GET THE APP

Informing Decision Making in Older Women with Early-Stage Triple-Negative Breast Cancer: Adjuvant Chemotherapy or Not?

European Journal of Clinical Oncology

Commentary - (2021) Volume 3, Issue 1

Informing Decision Making in Older Women with Early-Stage Triple-Negative Breast Cancer: Adjuvant Chemotherapy or Not?

Jennifer A. Crozier1 and Christopher M. Pezzi2*
 
*Correspondence: Christopher M. Pezzi, Division of Surgery, Baptist MD, Anderson Cancer Center, 1301 Palm Avenue, Jacksonville, Florida, USA, Tel: 904-202-7397, Email:

Author info »

Description

While decision making and treatment recommendations regarding adjuvant or neoadjuvant chemotherapy for young, healthy women with early-stage Triple-Negative Breast Cancer (TNBC) can be supported by established national guidelines and data from randomized controlled trials (RCTs), the same decision making when encountered in older women can often be significantly more complicated and nuanced. Evidence of a survival benefit is less robust in older women who were underrepresented in RCTs that examined these questions, and the ability of the patient population to tolerate the treatment may be diminished by their older age and the co-morbidities that may accompany a geriatric population. In our recently published study [1], we utilized the National Cancer Data Base (NCDB) to explore the effect of adding chemotherapy to local therapies in women >70 years old with early-stage TNBC. This short commentary both summarizes that publication and discusses the contribution it may make to treatment decision making in older women with early-stage TNBC. In our study which examined 16,062 older women diagnosed between 2004 and 2014 with stage I to stage III TNBC, the estimated 5-year OS for patients recommended and receiving chemotherapy was 68.5% (95% CI: 66.4% – 70.6%), for patients recommended but not given chemotherapy 61.1% (95% CI: 59.0% – 63.2%), and for patients not recommended chemotherapy and not given chemotherapy 53.7% (95% CI: 51.8% – 55.8%) (Pooled log rank p<0.0001). In an effort to attempt to minimize bias in this retrospective study, a propensity score matching analysis was performed and included 1,884 patients who received chemotherapy and 1,884 patients who were recommended but did not receive chemotherapy. The matching was based on age, comorbidity score, tumor grade, tumor size, nodal status and receipt or omission of radiation therapy. The estimated 5-year OS was 66.8% (95% CI=65.7%-67.9%) in the chemotherapy group compared to 61.8% (95% CI=60.8%-62.9%) in the patients recommended but did not receive chemotherapy (HR=0.85, 95% CI=0.74-0.96, P=.012). The difference remained significant on multivariate analysis (HR=0.69, 95% CI 0.60-0.80, P<0.001). The benefit of chemotherapy persisted in a subset analysis of lymph node status of the propensity-matched cohort, with estimated 5-year OS among women with node-negative disease receiving chemotherapy of 74.4% (95% CI=72.6%-76.2%) compared to 70.7% (95% CI=68.9%-72.4%) in the group where chemotherapy was recommended but not received (HR=0.80, 95% CI=0.66-0.97, P=0.007). Estimated 5-year OS among women with positive lymph nodes treated with chemotherapy was 42.4% (95% CI 39.9-44.9%) compared to 35.1% (95% CI 32.6%-37.6%; HR=0.76, 95% CI=0.64-0.91, P=0.006) in those who were recommended chemotherapy but who did not receive it. Importantly, a parallel study using similar methodology was performed and published using the Swedish National Breast Cancer Register, with similar findings, and readers are also referred to this supporting research [2]. This is not a prospective RCT, the gold standard for confirming survival benefit from adjuvant chemotherapy, but no such trial is likely to be undertaken in this age group anytime soon. Population-based observational studies (or in our case a facility-based observational study) to compare efficacy have been embraced, or at least accepted, by many organizations but have also been questioned regarding their ability to adequately eliminate bias to allow reliable and accurate conclusions [3]. We state that “limitations must be taken into account, and the findings presented in this study must be interpreted with appropriate caution.” So often in medicine decisions must still be made without the benefit of a RCT to address the question, and in such cases comparative efficacy research can provide useful information. The results of our study finding a statistically significant benefit to chemotherapy in women >70 years old with TNBC can help clinicians and patients facing the difficult decision about the addition of chemotherapy to a treatment plan for older women with early-stage disease. This data should be included in the shared decision making for each patient in the discussion of the risk and benefit to chemotherapy as part of their treatment plan.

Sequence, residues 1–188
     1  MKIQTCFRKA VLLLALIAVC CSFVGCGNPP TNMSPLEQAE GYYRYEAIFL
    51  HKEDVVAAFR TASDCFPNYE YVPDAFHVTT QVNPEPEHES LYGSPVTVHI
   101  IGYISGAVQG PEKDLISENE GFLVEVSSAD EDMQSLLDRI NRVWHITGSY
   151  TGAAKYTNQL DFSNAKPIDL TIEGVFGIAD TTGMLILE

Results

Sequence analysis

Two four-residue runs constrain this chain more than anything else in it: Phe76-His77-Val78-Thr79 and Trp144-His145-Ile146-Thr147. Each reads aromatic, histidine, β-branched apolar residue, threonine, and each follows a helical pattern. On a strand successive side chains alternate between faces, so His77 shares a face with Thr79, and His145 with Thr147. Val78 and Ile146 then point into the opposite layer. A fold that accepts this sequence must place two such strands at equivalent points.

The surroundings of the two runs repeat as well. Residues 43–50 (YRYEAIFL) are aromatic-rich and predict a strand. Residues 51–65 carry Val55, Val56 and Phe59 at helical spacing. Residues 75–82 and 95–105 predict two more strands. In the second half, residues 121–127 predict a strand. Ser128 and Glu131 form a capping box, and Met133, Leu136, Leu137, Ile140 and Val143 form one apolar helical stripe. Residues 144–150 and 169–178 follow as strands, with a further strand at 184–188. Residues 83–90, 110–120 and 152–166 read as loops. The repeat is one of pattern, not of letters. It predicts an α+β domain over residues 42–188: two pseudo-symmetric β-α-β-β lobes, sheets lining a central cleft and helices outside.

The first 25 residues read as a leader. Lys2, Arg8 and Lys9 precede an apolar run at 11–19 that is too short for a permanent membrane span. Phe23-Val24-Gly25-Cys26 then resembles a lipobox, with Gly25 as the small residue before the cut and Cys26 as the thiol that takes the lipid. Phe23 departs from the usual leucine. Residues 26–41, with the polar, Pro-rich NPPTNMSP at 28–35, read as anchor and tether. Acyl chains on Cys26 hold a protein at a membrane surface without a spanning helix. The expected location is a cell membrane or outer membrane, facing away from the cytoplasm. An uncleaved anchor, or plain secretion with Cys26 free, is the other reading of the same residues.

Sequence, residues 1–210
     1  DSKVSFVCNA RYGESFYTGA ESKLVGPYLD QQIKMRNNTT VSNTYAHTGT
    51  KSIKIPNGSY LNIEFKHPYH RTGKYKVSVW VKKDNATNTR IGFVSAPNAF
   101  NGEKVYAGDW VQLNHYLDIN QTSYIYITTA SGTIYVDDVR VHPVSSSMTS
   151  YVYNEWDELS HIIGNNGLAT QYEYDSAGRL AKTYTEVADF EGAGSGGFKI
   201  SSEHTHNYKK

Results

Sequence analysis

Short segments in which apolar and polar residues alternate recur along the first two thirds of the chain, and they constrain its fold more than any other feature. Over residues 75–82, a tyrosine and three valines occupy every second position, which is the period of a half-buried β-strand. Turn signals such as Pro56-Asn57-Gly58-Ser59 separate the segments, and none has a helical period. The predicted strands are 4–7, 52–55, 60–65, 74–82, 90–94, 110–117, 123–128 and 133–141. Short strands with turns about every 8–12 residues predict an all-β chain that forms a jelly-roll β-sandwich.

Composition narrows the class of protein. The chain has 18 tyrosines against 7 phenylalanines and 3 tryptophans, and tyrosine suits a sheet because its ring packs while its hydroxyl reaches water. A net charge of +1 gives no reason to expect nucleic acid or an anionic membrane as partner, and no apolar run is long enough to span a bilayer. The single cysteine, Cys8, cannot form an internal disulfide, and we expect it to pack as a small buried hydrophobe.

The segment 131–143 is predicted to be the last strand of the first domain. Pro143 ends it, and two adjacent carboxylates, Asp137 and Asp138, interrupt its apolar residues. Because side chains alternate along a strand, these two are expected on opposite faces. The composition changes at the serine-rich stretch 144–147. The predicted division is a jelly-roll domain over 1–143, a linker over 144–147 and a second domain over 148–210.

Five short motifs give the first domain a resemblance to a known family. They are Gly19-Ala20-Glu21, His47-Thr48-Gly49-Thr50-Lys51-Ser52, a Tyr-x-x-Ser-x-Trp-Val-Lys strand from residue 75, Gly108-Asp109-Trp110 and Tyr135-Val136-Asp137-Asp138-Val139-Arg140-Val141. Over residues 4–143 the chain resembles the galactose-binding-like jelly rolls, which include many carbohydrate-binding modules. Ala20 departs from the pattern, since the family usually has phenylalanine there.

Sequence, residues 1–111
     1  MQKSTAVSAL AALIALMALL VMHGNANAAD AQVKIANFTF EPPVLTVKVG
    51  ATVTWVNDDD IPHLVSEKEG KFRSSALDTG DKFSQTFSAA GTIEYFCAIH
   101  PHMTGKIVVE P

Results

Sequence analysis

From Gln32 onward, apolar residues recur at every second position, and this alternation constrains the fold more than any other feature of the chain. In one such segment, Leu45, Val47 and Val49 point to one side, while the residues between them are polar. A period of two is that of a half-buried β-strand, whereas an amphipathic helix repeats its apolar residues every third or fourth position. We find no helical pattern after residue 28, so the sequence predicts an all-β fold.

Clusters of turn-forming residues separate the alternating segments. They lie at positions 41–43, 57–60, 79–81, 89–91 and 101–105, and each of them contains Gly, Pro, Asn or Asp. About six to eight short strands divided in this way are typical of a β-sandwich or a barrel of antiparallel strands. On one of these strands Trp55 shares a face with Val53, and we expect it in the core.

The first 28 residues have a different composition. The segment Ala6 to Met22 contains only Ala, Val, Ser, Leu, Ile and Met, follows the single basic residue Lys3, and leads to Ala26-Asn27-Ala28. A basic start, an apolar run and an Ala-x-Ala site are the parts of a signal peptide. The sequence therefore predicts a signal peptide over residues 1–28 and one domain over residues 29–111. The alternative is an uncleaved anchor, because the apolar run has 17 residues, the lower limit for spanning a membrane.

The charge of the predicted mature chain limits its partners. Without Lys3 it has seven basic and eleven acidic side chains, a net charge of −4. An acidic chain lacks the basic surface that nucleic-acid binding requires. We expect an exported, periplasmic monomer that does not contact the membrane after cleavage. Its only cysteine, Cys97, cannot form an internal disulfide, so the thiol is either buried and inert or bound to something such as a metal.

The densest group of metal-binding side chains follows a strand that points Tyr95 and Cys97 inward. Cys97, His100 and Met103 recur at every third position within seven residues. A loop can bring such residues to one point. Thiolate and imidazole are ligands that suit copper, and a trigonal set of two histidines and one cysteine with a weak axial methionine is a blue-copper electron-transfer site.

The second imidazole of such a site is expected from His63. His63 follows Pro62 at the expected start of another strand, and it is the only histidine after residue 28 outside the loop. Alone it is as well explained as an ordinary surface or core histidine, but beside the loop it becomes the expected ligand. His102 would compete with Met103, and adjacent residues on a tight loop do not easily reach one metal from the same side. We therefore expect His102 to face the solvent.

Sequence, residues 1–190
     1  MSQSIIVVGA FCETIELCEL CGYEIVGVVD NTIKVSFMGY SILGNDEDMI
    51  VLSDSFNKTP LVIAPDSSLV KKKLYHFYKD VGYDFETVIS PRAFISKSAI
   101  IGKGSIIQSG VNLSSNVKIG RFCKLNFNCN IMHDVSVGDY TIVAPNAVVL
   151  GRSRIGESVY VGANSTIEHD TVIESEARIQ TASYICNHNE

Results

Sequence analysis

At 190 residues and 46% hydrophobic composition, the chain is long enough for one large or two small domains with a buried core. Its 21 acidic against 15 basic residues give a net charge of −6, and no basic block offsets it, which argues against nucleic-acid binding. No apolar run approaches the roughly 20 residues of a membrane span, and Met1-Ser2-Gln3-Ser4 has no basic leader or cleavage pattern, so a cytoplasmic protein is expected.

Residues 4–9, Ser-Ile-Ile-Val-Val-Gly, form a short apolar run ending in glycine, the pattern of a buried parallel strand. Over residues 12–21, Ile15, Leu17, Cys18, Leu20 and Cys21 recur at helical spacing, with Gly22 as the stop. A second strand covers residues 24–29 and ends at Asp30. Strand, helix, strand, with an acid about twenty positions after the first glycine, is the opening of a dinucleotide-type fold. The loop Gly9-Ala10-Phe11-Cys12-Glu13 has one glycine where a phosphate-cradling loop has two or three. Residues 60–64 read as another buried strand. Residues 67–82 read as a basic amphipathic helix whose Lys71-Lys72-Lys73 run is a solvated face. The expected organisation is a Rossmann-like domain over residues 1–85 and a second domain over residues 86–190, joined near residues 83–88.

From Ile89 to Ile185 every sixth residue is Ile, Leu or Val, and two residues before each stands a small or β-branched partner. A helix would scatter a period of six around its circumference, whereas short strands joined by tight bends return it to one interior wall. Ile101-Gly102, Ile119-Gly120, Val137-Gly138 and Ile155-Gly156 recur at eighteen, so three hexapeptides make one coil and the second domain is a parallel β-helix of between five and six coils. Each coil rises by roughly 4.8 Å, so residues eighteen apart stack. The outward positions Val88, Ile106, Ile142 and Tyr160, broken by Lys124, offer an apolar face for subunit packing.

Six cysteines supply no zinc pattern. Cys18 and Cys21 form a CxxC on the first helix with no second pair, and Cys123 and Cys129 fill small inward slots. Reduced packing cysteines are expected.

References

Author Info

Jennifer A. Crozier1 and Christopher M. Pezzi2*
 
1Division of Cancer Medicine, Baptist MD, Anderson Cancer Center, 1301 Palm Avenue, Jacksonville, Florida, USA
2Division of Surgery, Baptist MD, Anderson Cancer Center, 1301 Palm Avenue, Jacksonville, Florida, USA
 

Citation: Crozier JA, et al. Informing Decision Making in Older Women with Early-Stage Triple-Negative Breast Cancer: Adjuvant Chemotherapy or Not? Eur J Clin Oncol, 2021, 3(1), 001

Received Date: Feb 02, 2021 / Accepted Date: Feb 17, 2021 / Published Date: Feb 24, 2021

Copyright: © 2021 Crozier JA, et al. This is an open-access article distributed under the terms of the Creative Commons Attribution License, which permits unrestricted use, distribution, and reproduction in any medium, provided the original author and source are credited.